“Orange County gets less [return on property tax money] than any county of [all] 58 counties in the state,” Nelson said.

He is referring to data that show the state funneling just 6 percent of property taxes paid by Orange County residents back to the county government, the lowest rate of any county statewide. In comparison, Los Angeles County gets back 20 percent, according to the data from the state Board of Equalization.

But what Nelson didn’t say is that the portion of the county’s budget controlled by supervisors has grown significantly in recent years, and they have chosen to direct much of the increase toward law enforcement.

Since 2010, discretionary spending has grown by $78 million, according to county budget documents. During this period, supervisors have added $20 million in discretionary funding to the sheriff’s department, while reducing discretionary funding for health and social services by $33 million, budget documents show.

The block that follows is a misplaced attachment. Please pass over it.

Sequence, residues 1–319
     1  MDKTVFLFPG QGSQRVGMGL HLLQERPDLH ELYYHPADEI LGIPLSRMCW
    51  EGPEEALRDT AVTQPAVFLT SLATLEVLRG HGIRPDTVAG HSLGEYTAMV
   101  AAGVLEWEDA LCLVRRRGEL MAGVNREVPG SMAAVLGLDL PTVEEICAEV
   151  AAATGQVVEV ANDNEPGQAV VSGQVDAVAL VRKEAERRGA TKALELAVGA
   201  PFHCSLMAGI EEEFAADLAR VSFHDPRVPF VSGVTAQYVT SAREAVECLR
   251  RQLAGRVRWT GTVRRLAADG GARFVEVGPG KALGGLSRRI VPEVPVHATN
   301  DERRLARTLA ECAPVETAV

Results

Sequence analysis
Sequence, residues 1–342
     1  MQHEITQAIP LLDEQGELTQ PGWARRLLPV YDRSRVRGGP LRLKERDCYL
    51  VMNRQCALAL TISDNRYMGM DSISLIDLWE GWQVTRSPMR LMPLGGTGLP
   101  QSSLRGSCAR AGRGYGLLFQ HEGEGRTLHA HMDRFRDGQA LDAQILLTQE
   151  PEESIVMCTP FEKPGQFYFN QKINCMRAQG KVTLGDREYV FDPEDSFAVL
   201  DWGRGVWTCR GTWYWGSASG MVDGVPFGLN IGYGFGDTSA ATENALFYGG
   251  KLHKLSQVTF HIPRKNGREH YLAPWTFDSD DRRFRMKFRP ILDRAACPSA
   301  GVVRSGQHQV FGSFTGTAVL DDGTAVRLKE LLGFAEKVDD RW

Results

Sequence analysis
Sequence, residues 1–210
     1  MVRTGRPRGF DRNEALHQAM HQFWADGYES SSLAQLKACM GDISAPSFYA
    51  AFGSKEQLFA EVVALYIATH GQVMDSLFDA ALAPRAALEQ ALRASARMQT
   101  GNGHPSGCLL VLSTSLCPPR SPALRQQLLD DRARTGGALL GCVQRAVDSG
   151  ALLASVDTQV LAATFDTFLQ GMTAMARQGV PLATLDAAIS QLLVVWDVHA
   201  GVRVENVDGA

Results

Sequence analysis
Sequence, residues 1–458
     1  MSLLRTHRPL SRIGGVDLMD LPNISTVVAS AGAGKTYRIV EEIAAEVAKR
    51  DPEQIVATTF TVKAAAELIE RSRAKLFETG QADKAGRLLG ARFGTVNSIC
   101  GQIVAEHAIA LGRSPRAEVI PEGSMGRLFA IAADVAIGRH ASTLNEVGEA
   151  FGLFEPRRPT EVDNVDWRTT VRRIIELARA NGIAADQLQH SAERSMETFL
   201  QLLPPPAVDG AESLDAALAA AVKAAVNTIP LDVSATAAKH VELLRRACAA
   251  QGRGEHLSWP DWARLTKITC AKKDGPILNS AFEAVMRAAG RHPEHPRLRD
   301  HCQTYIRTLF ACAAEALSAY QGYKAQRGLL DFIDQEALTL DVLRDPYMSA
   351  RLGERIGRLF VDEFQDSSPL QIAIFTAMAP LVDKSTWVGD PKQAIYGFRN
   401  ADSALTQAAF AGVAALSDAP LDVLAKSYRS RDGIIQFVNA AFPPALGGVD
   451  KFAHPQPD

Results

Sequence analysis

“This system is severely underfunded. And without county commitment to filling that [housing] gap, I just don’t see how the rest of these components are going to provide a pathway out of homelessness,” said Eve Garrow, a homeless policy advocate with the ACLU who authored their recent report.

“You can coordinate services. You can make other services easier for people to access. But without housing to link people to, they’ll still be homeless.”

In response to Price’s presentation, supervisors did show an interest in improving certain services to homeless people.

Supervisor Todd Spitzer said it was difficult for homeless people to sign up for food stamps and welfare benefits, and sought ways to streamline the process.